My man has nothing to prove. He can block, he’s always open and he has great hands. He is an elite talent who looks like he’s getting better rather than worse, if that were possible.

What’s not to love about this?

Round 5, Pick 139: Reshad Jones, Safety

Round 6, Pick 184: Jordy Nelson, Wide Receiver

Round 7, Pick 201: Mike Pouncey, Center

Round 8, Pick 248: Arian Foster, Running Back

Round 9, Pick 265: Bruce Carter, Linebacker

Round 10, Pick 311: John Abraham Defensive End

Round 11, Pick 328: Lance Briggs, Linebacker

The RSP Writers project is brought to you by the 2013 Rookie Scouting Portfolio. Learn more about the 2013 RSP Writers Project and check out the completed 2012 RSP Writers Project where we built teams under a realistic salary cap. You can try it yourself.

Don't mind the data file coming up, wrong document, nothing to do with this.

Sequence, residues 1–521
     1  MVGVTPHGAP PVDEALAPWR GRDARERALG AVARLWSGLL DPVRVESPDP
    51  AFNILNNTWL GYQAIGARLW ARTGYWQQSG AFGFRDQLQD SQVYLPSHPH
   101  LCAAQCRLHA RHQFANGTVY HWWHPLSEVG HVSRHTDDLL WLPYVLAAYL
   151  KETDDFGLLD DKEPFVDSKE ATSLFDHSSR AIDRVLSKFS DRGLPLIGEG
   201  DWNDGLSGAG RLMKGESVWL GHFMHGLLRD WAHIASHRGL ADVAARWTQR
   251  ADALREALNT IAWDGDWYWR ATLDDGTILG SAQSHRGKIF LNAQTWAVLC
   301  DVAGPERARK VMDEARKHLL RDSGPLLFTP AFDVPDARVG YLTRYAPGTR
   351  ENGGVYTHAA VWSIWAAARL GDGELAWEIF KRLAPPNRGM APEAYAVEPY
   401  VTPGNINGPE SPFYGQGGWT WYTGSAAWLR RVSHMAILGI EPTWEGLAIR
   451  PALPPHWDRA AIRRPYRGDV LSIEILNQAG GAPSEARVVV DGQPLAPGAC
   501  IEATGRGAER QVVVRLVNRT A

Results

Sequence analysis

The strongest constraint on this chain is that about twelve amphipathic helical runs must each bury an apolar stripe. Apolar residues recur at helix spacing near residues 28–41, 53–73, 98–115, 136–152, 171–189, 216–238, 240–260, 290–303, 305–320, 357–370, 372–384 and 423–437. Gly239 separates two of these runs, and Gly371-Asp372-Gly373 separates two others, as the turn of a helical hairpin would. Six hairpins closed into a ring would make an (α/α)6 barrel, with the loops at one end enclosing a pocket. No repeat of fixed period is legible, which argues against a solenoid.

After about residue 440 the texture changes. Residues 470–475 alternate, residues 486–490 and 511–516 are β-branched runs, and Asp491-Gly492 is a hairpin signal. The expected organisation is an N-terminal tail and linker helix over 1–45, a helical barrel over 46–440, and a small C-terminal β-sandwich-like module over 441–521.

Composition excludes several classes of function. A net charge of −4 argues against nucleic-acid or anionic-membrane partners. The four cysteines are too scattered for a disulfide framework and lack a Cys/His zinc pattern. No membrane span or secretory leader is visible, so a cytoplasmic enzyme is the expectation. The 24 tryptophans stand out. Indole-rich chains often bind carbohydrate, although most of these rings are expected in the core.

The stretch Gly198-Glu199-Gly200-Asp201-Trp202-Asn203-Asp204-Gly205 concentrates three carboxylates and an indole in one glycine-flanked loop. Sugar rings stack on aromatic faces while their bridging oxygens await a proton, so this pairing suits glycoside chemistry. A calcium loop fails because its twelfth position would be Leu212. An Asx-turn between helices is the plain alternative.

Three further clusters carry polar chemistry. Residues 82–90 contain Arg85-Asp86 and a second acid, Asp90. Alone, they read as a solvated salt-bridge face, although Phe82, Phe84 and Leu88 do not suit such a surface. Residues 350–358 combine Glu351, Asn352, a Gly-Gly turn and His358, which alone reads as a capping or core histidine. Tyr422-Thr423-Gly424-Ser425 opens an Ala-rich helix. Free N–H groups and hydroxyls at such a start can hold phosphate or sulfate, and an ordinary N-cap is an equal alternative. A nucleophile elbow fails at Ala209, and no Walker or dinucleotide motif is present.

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3 responses to “Simon Clancy: BBC/Sports Illustrated”

  1. Are you a quarterback scout? I honestly don’t mean that as a snipe at you, I’m just asking what makes you think Bradford is good because in 3 years he’s never had a top 20 PFF season. I know he doesn’t have great receivers but the 13th best offensive line is above average and he’s just shown nothing statistically to suggest he’s good at football. For instance Jay Cutler (who’s still on the board) is still on the right side of 30 and he’s finished higher than Bradford according to PFF every year Bradford’s been in the league and before this year had a similarly barren supporting cast. Jake Locker is only 24 and finished above Bradford on PFF too and he’s pretty much a lock to be there in round 2. If you really believe Bradford has potential to evolve into a top 10 guy then its a good pick but I’d be interested in seeing some scouting breakdowns to support it.

  2. I’m not entirely sure what you mean by “quarterback scout”, suffice to say this isn’t my first trip to the rodeo.